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Connecting feelings, thoughts and deeds: Cognitive Behavior Therapy and eating disorders

Cognitive-behavioral therapy, or CBT, is the leading evidence-based treatment for adults with eating disorders and is also adapted for use with younger patients. It is based on the theory that a person’s thoughts, emotions, and behaviors are interconnected and can be restructured to support new, healthier thoughts and actions. Cognitive behavior therapy provides the foundation for individual and group therapies throughout all levels of care at the Center for Eating Disorders.

Structured treatment that focuses on the present and the future.

The cognitive-behavioral model emphasizes the important role that both thoughts (cognitive) and actions (behavioral) can play in maintaining an eating disorder. Examples of maintaining factors include:

  • Cognitive Factors ~ over-evaluation of weight and shape, negative body image, core beliefs about self-worth, negative self-evaluation, perfectionism
  • Behavioral Factors ~ weight-control behaviors including dietary restraint, restriction, binge-eating, purging behaviors, self-harm, body checking and body avoidance

Individuals with eating disorders often hold a negative or distorted view of themselves and their bodies. These highly critical thoughts can result in feelings of shame, anxiety or disgust that often trigger weight control behaviors and fuel a cycle of negative self-evaluation. Guided by a therapist, CBT helps the individual to examine which specific factors are maintaining their disorder and to set personalized goals that are addressed throughout the various phases of CBT. 

The phases of cognitive behavior therapy

CBT stresses education and skills training that help the patient gain a thorough understanding of themselves and their eating disorder so that healing can occur. Three phases of CBT may unfold over the course of the inpatient, partial hospital and IOP programs, and some or all of them may take place during outpatient therapy.

  1. Behavioral Phase: The patient and therapist work together to formulate a plan for stabilizing eating and eliminating symptoms.  Because emotions often intensify during this phase of treatment, tools (coping strategies) for managing these feelings are developed and become an important part of the work.  CBT includes in-session activities as well as “homework” so that new behaviors can be practiced.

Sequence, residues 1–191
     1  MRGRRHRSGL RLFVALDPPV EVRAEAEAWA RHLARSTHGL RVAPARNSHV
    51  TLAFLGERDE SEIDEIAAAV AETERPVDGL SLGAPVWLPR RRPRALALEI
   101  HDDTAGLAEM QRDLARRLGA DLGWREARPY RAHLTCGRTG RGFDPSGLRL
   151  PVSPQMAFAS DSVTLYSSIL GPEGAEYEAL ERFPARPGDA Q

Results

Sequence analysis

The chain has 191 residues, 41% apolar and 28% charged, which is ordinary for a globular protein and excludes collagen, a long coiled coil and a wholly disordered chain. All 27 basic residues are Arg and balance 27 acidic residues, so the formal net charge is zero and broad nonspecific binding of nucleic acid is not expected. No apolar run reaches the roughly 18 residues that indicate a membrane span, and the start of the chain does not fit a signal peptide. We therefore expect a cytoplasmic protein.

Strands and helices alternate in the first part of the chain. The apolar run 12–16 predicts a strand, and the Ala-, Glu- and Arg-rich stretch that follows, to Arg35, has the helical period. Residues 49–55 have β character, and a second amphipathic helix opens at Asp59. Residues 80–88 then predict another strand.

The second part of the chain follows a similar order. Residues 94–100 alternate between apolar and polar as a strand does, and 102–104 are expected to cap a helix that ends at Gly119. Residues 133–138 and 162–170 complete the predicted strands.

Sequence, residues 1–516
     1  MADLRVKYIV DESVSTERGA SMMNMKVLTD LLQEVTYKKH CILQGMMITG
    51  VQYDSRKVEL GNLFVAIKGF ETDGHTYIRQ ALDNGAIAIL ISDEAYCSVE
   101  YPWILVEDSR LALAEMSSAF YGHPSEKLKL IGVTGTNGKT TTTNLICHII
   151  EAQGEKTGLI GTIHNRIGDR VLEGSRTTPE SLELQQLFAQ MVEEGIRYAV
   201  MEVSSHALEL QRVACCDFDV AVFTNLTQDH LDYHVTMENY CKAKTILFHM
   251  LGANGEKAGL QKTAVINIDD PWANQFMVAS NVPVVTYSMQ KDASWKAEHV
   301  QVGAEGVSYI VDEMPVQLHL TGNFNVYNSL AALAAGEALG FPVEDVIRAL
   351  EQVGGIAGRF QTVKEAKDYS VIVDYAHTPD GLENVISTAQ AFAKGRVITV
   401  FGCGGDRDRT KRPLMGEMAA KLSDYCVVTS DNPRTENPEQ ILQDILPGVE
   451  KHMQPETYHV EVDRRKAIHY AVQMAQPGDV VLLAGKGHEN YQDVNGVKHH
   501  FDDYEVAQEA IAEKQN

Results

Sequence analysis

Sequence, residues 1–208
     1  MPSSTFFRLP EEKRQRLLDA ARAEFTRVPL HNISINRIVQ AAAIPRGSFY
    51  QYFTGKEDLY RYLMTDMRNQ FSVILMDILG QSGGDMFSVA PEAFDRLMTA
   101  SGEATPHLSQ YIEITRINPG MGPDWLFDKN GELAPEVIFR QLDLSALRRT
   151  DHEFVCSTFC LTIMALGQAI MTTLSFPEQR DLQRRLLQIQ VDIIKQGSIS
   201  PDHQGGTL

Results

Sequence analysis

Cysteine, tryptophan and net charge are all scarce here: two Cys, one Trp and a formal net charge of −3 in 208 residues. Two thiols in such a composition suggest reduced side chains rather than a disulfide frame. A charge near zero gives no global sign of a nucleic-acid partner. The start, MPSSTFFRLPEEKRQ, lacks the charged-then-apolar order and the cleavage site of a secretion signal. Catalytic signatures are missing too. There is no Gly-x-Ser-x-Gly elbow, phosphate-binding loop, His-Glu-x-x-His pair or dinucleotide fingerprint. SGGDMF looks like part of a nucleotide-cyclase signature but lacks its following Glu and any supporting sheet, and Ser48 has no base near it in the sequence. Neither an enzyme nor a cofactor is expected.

2. Cognitive Phase: As treatment progresses, cognitive restructuring techniques (e.g., techniques aimed at recognizing and changing problem thinking patterns) are introduced.  Thoughts and beliefs that perpetuate the problems (“I will only be happy if I can lose this weight”) are identified and work aimed at developing new perspectives and ideas (“my self-worth doesn’t depend on my size or shape”) begins.  Additionally, during this stage of treatment, broader concerns such as relationship problems, body image, self-esteem problems, and emotion regulation are addressed.
  3. Maintenance & Relapse Prevention Phase: The final stage of CBT concentrates on reducing triggers, preventing relapse and maintaining the progress that’s been made. Even though CBT is focused on the elimination of symptoms, the overall goal of the treatment is to assist the patient in making their return to a healthy and fulfilling life.  So, very often, once symptoms are stabilized, treatment will expand to include other areas of concern and conflict that can help individuals move towards holistic healing and emotional well-being. 

CBT is an important part of the recovery process

As stated before, CBT provides the therapeutic foundation upon which each individual’s treatment is then personalized and tailored to meet specific needs.  As the preferred first line of treatment for eating disorders, CBT is incorporated into all treatment modalities and levels of care at the Center. Additional personalized goals and specific therapy tracks are integrated based on specific input from the patient and informed feedback from his or her treatment team.  

If you’re interested in reading about other evidence-based treatment approaches provided at The Center for Eating Disorders, please click on the links below:

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